- Plan for a succession of flowers for season long color.
Choose three species of plants from each season to provide food and shelter for pollinators and seasonal color all season long. Pollinators need pollen or nectar from early spring until autumn in order breed and reproduce to sustain their species.
- Choose a sunny site to plant your pollinator garden.
Pollinating insects and flowering plants do better when in warm sunny environment rather than damp and shady areas in your landscape. Butterflies and bees attracted to sunny areas have more choices to pollinate flower and lay eggs on shrubs and trees. Leave areas of bare soil for ground nesting bees. They make up the most of Colorado’s native bee population.
- Utilize small spaces
Hanging baskets, container gardens and windowsill baskets can provide a welcome stop for pollinators even in the smallest of spaces.
- Minimize pesticides.
Pests are rarely a problem in nature friendly gardens because they are controlled by birds and other predators. If pests like aphids become a problem use an organic method to control them such as soapy water, Neem oil, insecticidal soaps, and horticultural oils, or ladybugs. If insecticides are necessary, apply them when the pollinators are less active – at dawn or at dusk.
Pollinator Gardens – Design & Plants Selection Ideas
Below are 3 examples of Pollinator Garden and Plant Selection Ideas for attracting bees, butterflies, and hummingbirds.
This plan includes plants that bloom from spring through fall, providing a season-long buffet for bees.
A. Chocolate Toe Pye weed.
B. Rozanne cranesbill Geranium hybrid.
C. Little Goldstar black-eyed Susan.
D. Cat’s Meow catmint.
E. Orange calendula (aka pot marigold).
F. Garden thyme.
G. Snow Princess sweet alyssum.
These colorful pollinator plants will attract butterflies all season long.
A. Kobold blazing star.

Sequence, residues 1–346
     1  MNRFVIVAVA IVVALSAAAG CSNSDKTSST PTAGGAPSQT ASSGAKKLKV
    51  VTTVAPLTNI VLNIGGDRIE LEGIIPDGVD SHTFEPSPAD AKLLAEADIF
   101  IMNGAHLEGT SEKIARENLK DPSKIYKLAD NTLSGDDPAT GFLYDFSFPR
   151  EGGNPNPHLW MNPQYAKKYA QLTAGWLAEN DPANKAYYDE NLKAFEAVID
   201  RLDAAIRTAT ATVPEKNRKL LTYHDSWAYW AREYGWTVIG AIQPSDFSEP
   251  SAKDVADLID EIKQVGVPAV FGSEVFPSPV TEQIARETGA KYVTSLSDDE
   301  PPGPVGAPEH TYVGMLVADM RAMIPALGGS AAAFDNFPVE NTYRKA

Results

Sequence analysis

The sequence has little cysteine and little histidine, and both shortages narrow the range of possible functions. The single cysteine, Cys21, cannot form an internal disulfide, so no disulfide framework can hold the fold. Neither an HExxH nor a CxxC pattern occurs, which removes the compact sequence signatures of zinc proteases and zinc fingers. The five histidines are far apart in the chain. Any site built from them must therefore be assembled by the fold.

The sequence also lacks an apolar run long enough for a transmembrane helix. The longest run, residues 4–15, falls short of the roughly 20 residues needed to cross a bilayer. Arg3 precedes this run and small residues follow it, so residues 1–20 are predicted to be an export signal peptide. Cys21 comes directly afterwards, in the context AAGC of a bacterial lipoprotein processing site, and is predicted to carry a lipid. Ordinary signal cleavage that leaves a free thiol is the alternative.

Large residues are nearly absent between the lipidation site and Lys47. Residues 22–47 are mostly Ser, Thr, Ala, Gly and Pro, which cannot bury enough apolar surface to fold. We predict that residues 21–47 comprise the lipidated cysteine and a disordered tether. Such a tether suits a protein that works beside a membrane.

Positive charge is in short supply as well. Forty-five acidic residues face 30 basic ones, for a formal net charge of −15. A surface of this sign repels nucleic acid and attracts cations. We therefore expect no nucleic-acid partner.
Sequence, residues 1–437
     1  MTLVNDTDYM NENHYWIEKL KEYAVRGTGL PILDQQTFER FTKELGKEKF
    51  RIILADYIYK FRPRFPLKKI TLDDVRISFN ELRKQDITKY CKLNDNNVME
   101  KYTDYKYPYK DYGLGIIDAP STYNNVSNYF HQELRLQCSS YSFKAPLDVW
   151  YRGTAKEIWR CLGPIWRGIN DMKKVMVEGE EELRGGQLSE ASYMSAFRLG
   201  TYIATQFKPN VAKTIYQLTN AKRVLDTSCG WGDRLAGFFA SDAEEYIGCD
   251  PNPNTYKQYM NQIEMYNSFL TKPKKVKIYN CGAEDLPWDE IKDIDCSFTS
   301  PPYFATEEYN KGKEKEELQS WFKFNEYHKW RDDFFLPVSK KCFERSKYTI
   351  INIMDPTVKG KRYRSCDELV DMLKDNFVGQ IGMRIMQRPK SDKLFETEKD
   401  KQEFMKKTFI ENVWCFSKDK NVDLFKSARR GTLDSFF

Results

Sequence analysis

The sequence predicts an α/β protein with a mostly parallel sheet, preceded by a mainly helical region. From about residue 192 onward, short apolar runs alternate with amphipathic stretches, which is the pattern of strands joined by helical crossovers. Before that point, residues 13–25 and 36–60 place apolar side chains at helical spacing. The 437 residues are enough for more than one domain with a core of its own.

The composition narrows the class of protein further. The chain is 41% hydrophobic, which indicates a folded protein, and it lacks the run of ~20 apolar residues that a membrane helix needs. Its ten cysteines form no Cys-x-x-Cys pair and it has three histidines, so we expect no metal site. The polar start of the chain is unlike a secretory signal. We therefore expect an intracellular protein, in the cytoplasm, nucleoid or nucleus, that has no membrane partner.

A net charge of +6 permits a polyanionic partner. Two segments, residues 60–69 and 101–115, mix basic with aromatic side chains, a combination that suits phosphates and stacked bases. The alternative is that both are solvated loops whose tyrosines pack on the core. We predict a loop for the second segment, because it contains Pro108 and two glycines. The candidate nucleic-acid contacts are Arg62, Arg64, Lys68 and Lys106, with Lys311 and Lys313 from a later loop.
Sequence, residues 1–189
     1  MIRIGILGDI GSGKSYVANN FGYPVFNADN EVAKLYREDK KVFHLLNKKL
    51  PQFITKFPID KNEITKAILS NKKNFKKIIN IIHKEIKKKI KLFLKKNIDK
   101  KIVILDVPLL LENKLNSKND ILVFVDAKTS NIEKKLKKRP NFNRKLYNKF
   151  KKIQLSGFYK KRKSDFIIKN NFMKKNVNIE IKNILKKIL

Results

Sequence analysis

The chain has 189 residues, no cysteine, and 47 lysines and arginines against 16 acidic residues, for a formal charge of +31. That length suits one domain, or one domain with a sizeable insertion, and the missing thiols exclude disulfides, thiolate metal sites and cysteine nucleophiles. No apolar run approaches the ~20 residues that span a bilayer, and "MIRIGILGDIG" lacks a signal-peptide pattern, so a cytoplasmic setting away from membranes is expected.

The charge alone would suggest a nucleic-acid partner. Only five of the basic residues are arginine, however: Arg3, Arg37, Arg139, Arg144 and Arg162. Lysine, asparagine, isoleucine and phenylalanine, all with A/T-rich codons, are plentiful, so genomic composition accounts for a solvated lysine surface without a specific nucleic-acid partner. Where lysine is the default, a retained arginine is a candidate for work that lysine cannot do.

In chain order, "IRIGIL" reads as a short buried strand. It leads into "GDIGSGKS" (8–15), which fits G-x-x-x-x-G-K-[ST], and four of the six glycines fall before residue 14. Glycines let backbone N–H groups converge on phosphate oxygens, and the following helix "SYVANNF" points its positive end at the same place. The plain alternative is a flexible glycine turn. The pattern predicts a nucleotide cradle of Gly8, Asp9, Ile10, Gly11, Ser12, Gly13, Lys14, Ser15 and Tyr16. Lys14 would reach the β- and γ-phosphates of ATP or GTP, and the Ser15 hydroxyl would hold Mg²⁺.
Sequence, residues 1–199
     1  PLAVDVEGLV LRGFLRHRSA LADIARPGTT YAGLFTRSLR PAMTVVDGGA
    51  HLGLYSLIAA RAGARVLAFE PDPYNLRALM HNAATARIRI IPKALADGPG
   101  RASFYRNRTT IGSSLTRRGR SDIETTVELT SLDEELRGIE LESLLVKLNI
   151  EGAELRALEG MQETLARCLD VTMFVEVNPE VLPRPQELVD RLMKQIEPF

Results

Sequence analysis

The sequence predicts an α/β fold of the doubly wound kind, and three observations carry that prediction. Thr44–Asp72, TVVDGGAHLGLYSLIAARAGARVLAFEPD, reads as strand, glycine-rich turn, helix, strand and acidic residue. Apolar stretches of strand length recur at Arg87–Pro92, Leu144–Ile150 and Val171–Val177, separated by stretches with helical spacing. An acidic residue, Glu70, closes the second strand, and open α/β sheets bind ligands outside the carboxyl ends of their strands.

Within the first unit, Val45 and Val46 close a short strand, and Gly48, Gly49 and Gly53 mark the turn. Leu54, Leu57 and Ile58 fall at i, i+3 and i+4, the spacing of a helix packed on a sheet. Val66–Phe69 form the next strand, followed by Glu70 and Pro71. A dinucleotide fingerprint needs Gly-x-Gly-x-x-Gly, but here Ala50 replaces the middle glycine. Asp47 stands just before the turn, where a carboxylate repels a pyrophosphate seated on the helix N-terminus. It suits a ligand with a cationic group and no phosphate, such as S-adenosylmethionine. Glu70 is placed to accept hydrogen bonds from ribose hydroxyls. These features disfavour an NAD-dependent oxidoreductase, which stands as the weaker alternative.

B. Purple Dome aster.
C. Butterfly weed.
D. Magnus purple coneflower.
E. Profusion Orange zinnia.
F. Peach Melba.
G. Snow Princess
can be configured in a variety of ways to suit your space.
Through raised beds
with a trellis is good against a wall.
Tube-shaped blooms in bright colors will attract hummingbirds all season
A. Rocket’s Red Glare.
B. Raspberry Daiquiri hummingbird mint
C. Rubycunda beardtongue
D. May Night salvia (aka meadow sage)
E. Tassel™ Dark Salmon fuchsia
F. Empress of India nasturtium
G. Terra Cotta Million Bells®
2019 POLLINATOR WEEK POSTER
The 2019 poster, Endangered Pollinators and their Habitats, features beautiful artwork by Carol Schwartz. This poster displays the numerous pollinator species that are at risk and listed as federally endangered or threatened including: 1 fly, 3 bats, 5 birds, 8 bees, and 24 butterflies and moths. Disturbances such as habitat loss, climate change, and application of agricultural pesticides contribute greatly to diminishing populations and disrupting ecological interactions. Extinction can lead to a crippling disaster for ecological resilience and economic interests.
By clicking the poster below, you will be taken to the Pollinator Partnership Poster Page where you can order posters.